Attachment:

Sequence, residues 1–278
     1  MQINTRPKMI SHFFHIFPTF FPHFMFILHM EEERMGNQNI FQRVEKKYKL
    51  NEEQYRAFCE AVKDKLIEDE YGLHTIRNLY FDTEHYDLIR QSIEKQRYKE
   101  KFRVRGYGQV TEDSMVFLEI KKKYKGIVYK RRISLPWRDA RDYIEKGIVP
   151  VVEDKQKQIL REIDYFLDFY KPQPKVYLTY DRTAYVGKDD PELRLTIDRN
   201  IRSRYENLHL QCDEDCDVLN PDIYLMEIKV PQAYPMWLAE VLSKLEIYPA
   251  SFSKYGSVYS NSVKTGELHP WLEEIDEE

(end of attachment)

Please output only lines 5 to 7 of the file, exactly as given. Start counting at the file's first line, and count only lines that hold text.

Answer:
   151  VVEDKQKQIL REIDYFLDFY KPQPKVYLTY DRTAYVGKDD PELRLTIDRN
   201  IRSRYENLHL QCDEDCDVLN PDIYLMEIKV PQAYPMWLAE VLSKLEIYPA
   251  SFSKYGSVYS NSVKTGELHP WLEEIDEE